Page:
Overcoming the Perils of Advocacy in Corporate Planning

by Frank Gilmore



This article shows that the key to overcoming the perils of advocating changes in corporate strategy lies in a thorough job of formulation and careful development of a cogent argument. This article concentrates on the task of building an effective argument in support of a proposed new strategy. An executive approach embracing the integrated concepts of formulation and advocacy discussed in this article holds promise for overcoming the perils inherent in making strategy proposals. If the groundwork is done effectively during the formulation phase, those executives who stand to be most affected by the proposal will have participated actively in the process and hence are likely to be sympathetic to the change. Knowledge of this fact can go far in reducing the resistance to change on the part of those who must approve the proposal. Since the proposal is likely to be more sound as a result of a participative process during formulation, the individual who prepares the final report is far less apt to be guilty of distorting evidence to prove hastily formed and inadequately considered conclusions. Again, this realization should strengthen the confidence of those to whom the report is addressed in the thoroughness of the underlying analysis, and hence should improve the probability of acceptance.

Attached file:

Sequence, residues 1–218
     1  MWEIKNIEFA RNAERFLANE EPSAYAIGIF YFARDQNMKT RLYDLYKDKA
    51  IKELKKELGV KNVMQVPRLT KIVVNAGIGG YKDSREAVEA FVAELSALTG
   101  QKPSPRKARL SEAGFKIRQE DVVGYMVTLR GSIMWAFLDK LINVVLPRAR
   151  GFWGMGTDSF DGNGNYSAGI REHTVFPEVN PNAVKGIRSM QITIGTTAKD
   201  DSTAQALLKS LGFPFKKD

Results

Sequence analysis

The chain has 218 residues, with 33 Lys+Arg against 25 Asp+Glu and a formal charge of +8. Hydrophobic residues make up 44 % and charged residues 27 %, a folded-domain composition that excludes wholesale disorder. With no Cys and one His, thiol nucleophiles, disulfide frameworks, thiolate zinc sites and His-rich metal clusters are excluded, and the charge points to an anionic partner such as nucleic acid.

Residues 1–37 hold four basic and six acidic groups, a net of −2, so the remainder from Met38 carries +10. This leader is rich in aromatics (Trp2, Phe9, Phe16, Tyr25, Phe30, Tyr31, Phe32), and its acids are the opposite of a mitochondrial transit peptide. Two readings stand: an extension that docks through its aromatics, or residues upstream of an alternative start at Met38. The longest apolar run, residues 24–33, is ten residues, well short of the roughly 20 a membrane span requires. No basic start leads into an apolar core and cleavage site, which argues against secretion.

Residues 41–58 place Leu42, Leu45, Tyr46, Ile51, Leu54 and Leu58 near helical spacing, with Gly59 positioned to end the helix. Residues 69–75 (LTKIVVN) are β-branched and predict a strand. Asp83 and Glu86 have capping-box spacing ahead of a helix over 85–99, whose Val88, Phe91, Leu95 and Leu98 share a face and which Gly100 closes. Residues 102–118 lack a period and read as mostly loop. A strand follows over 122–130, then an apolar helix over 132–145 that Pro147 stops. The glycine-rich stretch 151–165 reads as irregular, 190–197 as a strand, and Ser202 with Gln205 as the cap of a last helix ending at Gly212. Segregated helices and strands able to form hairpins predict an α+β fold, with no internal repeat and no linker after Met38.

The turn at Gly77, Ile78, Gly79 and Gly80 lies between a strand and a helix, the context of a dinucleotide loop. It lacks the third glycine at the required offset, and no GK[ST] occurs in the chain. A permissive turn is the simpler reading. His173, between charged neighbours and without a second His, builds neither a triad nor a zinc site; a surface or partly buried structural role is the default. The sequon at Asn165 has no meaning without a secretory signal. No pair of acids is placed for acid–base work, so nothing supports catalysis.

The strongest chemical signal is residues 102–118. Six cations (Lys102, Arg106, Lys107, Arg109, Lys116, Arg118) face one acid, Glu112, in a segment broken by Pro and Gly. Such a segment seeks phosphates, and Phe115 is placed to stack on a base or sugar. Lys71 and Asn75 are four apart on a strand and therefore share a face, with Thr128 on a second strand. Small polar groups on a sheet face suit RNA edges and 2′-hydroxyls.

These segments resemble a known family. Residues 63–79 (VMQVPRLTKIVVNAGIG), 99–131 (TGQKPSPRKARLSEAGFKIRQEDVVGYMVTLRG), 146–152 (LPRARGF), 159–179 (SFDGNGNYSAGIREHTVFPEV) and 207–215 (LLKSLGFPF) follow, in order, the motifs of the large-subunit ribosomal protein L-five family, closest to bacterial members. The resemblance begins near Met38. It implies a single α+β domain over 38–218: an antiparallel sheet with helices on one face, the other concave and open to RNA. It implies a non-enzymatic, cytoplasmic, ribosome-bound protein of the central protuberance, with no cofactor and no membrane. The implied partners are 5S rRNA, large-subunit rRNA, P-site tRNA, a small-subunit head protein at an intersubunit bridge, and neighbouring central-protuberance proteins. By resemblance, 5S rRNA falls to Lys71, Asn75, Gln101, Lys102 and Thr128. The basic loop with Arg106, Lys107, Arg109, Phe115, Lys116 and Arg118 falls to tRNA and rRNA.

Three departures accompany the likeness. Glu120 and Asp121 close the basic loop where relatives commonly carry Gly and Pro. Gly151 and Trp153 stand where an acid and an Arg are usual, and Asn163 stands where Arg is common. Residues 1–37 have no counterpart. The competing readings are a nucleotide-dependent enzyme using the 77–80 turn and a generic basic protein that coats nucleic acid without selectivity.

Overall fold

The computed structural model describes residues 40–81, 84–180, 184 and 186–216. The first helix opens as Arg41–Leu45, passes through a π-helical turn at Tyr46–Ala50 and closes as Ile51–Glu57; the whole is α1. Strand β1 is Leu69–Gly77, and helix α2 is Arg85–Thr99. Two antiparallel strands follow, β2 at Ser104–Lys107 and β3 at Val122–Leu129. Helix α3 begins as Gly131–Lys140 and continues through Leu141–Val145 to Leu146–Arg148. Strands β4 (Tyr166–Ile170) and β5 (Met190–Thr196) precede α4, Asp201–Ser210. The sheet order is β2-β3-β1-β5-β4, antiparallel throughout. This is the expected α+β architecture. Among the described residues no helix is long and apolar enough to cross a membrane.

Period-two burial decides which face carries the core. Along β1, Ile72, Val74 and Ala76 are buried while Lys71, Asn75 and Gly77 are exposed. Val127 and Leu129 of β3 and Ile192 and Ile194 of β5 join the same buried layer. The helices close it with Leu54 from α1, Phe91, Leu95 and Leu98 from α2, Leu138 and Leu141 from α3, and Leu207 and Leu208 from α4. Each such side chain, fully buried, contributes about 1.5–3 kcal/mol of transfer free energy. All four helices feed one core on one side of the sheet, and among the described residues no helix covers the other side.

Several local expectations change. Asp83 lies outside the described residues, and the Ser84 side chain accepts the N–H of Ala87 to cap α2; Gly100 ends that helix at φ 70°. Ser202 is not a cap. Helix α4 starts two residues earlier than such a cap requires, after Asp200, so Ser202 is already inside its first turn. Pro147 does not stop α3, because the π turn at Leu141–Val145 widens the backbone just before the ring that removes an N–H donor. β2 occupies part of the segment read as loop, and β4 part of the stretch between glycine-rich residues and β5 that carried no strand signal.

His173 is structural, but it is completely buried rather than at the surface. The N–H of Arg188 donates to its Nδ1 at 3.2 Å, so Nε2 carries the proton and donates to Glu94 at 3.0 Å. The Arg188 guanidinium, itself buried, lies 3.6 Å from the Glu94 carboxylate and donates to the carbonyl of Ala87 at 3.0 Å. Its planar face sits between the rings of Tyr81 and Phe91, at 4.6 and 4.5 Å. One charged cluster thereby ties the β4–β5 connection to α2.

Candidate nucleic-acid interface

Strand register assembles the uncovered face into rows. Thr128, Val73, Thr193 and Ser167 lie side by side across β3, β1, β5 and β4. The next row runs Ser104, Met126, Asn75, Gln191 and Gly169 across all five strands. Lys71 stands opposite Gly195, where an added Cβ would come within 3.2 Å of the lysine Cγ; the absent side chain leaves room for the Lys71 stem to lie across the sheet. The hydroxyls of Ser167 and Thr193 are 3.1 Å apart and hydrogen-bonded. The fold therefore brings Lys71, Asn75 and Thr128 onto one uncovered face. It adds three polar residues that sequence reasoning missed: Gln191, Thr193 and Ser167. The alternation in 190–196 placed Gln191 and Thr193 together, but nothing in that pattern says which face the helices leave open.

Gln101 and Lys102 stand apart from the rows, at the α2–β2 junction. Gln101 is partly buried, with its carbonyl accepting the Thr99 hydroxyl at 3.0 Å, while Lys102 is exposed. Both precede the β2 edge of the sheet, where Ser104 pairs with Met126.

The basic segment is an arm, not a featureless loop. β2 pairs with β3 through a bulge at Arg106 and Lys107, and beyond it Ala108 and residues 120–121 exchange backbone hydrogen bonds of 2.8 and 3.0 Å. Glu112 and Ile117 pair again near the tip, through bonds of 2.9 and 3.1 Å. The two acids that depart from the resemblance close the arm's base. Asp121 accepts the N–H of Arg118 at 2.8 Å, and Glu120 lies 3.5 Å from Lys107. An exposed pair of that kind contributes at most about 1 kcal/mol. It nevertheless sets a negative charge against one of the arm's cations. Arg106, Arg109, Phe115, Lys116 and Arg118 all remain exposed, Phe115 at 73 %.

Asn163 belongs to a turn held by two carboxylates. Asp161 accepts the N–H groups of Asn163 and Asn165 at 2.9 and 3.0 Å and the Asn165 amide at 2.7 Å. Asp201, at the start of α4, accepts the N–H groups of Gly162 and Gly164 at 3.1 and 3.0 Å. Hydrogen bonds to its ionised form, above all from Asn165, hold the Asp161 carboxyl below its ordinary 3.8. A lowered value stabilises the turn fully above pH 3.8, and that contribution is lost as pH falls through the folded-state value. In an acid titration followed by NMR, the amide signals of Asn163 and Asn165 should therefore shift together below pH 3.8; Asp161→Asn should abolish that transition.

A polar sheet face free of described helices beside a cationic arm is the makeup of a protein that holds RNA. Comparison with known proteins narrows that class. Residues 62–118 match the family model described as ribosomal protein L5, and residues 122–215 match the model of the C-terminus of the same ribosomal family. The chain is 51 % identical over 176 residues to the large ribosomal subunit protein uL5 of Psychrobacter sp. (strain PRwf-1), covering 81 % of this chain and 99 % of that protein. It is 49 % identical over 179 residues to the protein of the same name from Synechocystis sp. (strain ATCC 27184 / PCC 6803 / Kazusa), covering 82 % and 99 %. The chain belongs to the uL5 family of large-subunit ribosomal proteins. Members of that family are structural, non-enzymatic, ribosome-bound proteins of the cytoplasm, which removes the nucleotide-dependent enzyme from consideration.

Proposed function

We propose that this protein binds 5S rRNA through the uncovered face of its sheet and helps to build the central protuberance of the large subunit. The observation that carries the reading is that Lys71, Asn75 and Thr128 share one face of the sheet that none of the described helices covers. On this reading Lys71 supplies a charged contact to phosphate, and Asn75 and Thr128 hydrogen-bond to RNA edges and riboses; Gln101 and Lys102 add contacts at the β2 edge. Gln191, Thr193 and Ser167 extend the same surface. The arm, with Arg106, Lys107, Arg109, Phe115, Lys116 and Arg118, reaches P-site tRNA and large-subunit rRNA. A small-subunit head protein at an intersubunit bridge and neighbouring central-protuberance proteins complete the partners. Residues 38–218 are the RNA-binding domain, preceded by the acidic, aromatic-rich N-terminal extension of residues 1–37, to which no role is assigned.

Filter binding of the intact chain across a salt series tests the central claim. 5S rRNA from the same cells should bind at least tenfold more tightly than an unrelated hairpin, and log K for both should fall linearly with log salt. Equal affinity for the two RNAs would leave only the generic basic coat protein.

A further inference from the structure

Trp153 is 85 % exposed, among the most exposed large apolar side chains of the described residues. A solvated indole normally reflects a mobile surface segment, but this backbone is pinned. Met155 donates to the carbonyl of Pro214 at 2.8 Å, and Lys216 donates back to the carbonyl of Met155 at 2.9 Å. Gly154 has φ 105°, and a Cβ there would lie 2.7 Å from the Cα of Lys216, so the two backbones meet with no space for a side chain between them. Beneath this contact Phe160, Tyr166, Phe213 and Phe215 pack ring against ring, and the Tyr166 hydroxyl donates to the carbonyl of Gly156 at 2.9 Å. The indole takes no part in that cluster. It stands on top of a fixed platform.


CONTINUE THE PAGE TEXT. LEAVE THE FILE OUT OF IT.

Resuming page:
California Management Review

Berkeley-Haas's Premier Management Journal

Published at Berkeley Haas for more than sixty years, California Management Review seeks to share knowledge that challenges convention and shows a better way of doing business.

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